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  • Author: Christopher E. Anderson x
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Dennis E. Anderson, Christopher T. Franck and Michael L. Madigan

The effects of gait speed and step length on the required coefficient of friction (COF) confound the investigation of age-related differences in required COF. The goals of this study were to investigate whether age differences in required COF during self-selected gait persist when experimentally-controlling speed and step length, and to determine the independent effects of speed and step length on required COF. Ten young and 10 older healthy adults performed gait trials under five gait conditions: self-selected, slow and fast speeds without controlling step length, and slow and fast speeds while controlling step length. During self-selected gait, older adults walked with shorter step lengths and exhibited a lower required COF. Older adults also exhibited a lower required COF when walking at a controlled speed without controlling step length. When both age groups walked with the same speed and step length, no age difference in required COF was found. Thus, speed and step length can have a large influence on studies investigating age-related differences in required COF. It was also found that speed and step length have independent and opposite effects on required COF, with step length having a strong positive effect on required COF, and speed having a weaker negative effect.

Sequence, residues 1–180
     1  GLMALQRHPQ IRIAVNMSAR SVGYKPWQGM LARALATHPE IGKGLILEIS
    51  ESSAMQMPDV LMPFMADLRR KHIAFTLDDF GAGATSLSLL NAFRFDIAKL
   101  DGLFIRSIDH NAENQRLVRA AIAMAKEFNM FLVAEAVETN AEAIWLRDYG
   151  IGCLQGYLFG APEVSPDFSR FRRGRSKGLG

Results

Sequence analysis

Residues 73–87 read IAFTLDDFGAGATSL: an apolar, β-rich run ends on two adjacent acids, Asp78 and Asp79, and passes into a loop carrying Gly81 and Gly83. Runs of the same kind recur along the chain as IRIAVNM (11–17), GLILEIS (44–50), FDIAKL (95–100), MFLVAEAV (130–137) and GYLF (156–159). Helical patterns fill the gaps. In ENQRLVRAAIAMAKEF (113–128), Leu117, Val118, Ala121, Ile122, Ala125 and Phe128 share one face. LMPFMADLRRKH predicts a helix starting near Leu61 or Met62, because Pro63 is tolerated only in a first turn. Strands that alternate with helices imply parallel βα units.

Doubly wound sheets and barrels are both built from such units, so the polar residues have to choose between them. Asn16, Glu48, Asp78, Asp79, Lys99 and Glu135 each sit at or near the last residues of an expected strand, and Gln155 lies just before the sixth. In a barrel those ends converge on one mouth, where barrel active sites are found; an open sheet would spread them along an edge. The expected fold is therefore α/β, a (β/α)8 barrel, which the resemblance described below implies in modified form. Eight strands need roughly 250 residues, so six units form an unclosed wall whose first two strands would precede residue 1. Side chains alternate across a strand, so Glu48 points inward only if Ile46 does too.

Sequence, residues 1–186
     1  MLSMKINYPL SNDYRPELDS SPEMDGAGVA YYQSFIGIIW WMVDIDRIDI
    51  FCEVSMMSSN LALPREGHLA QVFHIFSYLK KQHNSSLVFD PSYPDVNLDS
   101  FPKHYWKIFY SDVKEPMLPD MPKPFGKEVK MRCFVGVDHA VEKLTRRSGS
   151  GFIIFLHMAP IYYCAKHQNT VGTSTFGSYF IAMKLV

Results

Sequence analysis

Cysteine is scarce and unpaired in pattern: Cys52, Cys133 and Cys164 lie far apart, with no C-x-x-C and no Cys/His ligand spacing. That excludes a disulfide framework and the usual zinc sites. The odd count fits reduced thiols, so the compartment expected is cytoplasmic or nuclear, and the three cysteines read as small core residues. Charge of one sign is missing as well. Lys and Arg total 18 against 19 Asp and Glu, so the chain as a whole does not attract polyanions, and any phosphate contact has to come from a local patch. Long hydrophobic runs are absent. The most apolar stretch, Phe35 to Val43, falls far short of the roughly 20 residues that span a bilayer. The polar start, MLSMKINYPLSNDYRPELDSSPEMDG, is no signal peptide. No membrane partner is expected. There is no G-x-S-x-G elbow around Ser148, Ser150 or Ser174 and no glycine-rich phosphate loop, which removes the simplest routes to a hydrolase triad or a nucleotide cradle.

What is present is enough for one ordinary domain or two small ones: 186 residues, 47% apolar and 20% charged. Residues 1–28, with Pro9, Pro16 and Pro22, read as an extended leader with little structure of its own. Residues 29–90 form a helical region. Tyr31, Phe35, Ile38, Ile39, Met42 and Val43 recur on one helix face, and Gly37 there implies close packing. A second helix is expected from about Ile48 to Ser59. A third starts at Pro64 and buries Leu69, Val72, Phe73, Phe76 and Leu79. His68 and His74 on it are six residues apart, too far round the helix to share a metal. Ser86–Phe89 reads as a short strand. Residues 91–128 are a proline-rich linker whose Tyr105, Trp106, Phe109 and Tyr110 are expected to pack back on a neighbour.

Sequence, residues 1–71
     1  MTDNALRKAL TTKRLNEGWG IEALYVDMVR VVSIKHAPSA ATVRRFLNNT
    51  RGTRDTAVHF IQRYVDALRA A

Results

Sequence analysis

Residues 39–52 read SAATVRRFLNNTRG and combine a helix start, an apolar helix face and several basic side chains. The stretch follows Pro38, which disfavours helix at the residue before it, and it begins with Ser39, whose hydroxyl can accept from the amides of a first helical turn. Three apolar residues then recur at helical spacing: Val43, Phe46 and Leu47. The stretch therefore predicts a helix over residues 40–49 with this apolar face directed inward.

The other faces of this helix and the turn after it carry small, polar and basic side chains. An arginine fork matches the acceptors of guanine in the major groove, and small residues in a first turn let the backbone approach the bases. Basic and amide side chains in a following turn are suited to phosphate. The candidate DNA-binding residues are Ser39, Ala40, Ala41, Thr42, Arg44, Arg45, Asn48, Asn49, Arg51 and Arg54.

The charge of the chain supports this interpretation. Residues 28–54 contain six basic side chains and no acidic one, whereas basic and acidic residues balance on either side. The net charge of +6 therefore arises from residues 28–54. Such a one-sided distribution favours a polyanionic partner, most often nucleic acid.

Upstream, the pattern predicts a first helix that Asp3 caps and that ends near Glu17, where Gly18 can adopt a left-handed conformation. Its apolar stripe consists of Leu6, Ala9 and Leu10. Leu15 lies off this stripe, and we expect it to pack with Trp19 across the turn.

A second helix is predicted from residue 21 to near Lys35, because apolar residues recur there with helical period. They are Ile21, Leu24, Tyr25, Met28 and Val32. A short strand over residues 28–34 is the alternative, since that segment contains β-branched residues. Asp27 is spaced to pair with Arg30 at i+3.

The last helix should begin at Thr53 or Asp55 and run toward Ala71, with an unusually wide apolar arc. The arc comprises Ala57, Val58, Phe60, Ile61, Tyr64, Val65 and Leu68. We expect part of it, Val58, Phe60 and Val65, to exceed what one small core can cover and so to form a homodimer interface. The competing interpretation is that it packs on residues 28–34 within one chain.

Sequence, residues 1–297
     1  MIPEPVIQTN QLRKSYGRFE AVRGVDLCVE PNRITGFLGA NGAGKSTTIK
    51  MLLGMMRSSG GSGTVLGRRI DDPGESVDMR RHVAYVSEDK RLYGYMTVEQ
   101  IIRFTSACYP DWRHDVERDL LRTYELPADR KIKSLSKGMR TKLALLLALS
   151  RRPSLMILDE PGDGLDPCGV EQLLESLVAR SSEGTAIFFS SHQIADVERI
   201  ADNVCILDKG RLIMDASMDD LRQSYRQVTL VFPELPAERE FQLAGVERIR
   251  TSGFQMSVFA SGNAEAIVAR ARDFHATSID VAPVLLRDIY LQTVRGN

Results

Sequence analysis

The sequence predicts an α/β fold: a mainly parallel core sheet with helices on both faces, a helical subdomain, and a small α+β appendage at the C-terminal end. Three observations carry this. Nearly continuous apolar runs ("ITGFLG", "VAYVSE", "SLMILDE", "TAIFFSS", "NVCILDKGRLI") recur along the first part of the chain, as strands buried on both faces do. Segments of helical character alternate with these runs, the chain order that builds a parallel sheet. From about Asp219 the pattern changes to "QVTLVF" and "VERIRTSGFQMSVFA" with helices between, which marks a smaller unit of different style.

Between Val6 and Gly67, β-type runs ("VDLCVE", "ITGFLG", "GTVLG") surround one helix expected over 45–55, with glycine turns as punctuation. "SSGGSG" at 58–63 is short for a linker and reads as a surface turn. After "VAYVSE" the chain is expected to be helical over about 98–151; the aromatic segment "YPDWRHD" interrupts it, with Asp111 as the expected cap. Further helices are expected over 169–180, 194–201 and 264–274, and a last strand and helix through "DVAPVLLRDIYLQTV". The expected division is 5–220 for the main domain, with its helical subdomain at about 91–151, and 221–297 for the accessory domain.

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Jeanette Gustat, Christopher E. Anderson and Sandy J. Slater

Background: Spaces that promote play are important for the physical, social, and psychological growth of children. Public spaces, including playgrounds, provide an important venue for children to engage in play. A simple tool is needed to evaluate playground features and conditions. Methods: A simple play space audit instrument to assess the presence and condition of playground features was tested on a sample of 70 playgrounds during the summer of 2017, in Chicago, IL. Duplicate observations were collected on 17 playgrounds. Frequencies of features were tabulated, and reliability of variables was assessed using percent agreement and kappa statistic. Scores were created to summarize playground “playability,” overall and within domains of general overview, surface, path, and play equipment/structure features. Results: The tool demonstrated acceptable reliability with high kappa values between .79 and .90 for all items in domains. The overall score, general overview score, and play equipment/structure scores were correlated with mean playground usage. Conclusions: This brief instrument allows reliable assessment of playground features and their conditions. The scoring method generates a summary of playground conditions and features, which facilitates comparison of playgrounds. This tool has the potential to assist communities in evaluating their play spaces and identifying where to focus resources for improvements.